March 25, 2009
Kyle Stanley, a junior from Gig Harbor, Washington, is one of Clemson’s greatest golfers of all time. He is currently second in school history in career stroke average with a 71.66 average, just below the 71.49 figure achieved by D.J. Trahan from 1999-03.
Born and raised in Washington, Stanley first picked up a club when he was around the age of five. He followed his father to the range and hit balls at that young age. He started playing competitively when he was 11.
In high school, Stanley won four AJGA (American Junior Golf Association) events. He was also named the Washington Junior Golf Association Player of the Year that same year. At Bellarmine Prep he was named the Bellarmine Prep Male Athlete of the Year in 2006. He also helped his high school team win State Championships in both his junior and senior years by finishing second overall in both tournaments.
It may seem odd that Stanley chose to come to school about 3,000 miles away from Washington, but he has what he calls, “a second mom and dad,” that live in Hilton Head, so the south felt like home. “Clemson has been one of the best teams in the country for a while and I knew a lot about the program,” said Stanley. “I certainly took notice when Clemson won the national championship in 2003, so when I was visiting with family in Hilton Head, and went on some college tours, Clemson felt like a good fit for me.”
Since becoming a Clemson Tiger, Stanley has continued to make strides with his game and has rewritten the Clemson record book. In his freshman year he set 18 freshman records and was named ACC Player of the Year, first-team All-American and first-team Freshman All-American. In the outstanding history of Clemson golf he is the only freshman to make first-team All-American and the first Clemson freshman to win ACC Player of the Year.
Stanley finished his rookie year with a third-place finish at the ACC Tournament, a third-place finish at the NCAA East Regional and a second-place finish at the NCAA national tournament. That was the best run in postseason events for a Clemson golfer since Charles Warren won the NCAA Championship in 1997.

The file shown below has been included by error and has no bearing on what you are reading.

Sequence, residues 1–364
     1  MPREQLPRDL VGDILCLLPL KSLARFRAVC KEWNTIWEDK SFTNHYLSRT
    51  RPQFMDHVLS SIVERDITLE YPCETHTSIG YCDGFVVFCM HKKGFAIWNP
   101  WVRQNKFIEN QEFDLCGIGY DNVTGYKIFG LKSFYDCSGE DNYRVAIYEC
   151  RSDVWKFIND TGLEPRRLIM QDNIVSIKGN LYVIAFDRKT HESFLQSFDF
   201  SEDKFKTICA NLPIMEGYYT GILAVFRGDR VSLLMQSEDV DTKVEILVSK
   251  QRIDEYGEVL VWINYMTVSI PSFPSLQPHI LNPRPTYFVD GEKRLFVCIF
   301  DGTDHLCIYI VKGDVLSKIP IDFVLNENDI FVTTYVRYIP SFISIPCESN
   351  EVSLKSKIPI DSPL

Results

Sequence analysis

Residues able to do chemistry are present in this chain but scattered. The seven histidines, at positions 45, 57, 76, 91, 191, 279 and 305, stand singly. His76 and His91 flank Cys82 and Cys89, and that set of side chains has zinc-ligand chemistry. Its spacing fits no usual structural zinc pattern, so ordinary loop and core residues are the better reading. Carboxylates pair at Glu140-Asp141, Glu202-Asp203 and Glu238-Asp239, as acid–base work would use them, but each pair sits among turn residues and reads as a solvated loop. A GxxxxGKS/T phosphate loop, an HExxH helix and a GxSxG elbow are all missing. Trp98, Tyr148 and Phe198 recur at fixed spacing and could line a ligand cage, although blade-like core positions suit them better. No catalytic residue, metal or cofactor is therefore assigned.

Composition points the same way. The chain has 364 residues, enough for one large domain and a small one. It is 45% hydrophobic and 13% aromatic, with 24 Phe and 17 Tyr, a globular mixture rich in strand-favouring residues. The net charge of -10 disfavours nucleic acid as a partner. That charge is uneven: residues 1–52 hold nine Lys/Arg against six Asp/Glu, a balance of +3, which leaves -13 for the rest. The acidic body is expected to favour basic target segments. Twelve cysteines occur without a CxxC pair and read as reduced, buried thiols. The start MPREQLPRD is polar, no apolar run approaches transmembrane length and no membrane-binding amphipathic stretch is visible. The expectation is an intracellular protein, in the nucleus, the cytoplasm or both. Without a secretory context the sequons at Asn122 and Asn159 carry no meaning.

That run in the spring of 2007 led to his selection to the United States Walker Cup team in 2007. The Walker Cup was played at Royal Country Down in Northern Ireland. “I have played golf all over the world and Royal Country Down is my favorite course,” said Stanley.
Last season Stanley again made first-team All-ACC, honorable mention All-American and led the Tigers to a number-five national finish at the NCAA Tournament at Purdue University. He was seventh in the individual race at the NCAA national tournament. So far this year, he already has a victory under his belt at the Carpet Classic in Dalton, GA against a national field and won the Jones Cup Amateur event in dramatic fashion when he overcame a four-shot deficit on the back nine. He is currently ranked third in the Golfweek World Amateur rankings and seventh in the Division I college rankings.
When asked about his goals for this spring, he speaks of the Clemson team goals. “We just want to put ourselves in a position to win tournaments. In the back of our minds those post-season events are really important like ACC, Regionals, and Nationals, and we would like to show improvement in those tournaments.”
In the summer of 2008, Stanley became the second Clemson Tiger to play in the US Open (Chris Patton 1990). It was a great experience, but disappointing at the same time. With a birdie on the last hole on Friday, he thought he had made the cut. All that was needed was for Stuart Appleby to par the 18th.
“I was on the range watching the big jumbo-tron hitting balls. Stuart was struggling on the 18th hole. He hit a poor drive and had to lay up because it was a par five. Then he hit his approach shot, his third shot, 40 feet from the hole, so it was unlikely that he would make that putt to knock me out. Sure enough, he rolled it in and knocked me out. I just tossed my club at the bag and headed for home.”
But after that heartbreaking experience at Torrey Pines, Stanley gets another shot at a professional event this weekend when he plays in the Arnold Palmer Invitational at Bay Hill Golf Club in Orlando, FL. He qualified for the event by winning the Southern Amateur this past summer. It will be his second appearance at this event, as he also qualified by winning the 2006 Southern Amateur. Stanley will join Chris Patton as the only active Clemson golfers to play in at least three PGA Tour events while still a Clemson student.
The Arnold Palmer Invitational attracts a top field, including Tiger Woods. Stanley had a poster of Woods in his room growing up in Washington, and now he will play in the same tournament with him. “I have great respect for Tiger Woods and Vijay Singh and many others because I have seen their work ethic. They really put a lot of work into being the best and that has been a positive effect on my work ethic.”
Stanley’s work ethic at Clemson is legendary. Many times over the last three years Clemson Coach Larry Penley has met Stanley out on the golf practice range behind the Clemson football practice fields for night time practice that can go until midnight. “I have never had a player with such a work ethic,” said Penley, who has been Clemson’s head coach since 1983. “That has been a big key to his success. He has outstanding talent, but he has the work ethic to go with it.”
Next year Kyle Stanley plans to make the leap to professional golf. He hopes to receive exemptions to seven tournaments and see if he can qualify for the 2010 tour without going through Q-school, but that is a difficult task. “I do plan to turn professional after this year, but until then I am focused on this Clemson golf team and doing everything we can do to compete for the conference and NCAA championships. It should be an exciting spring.”
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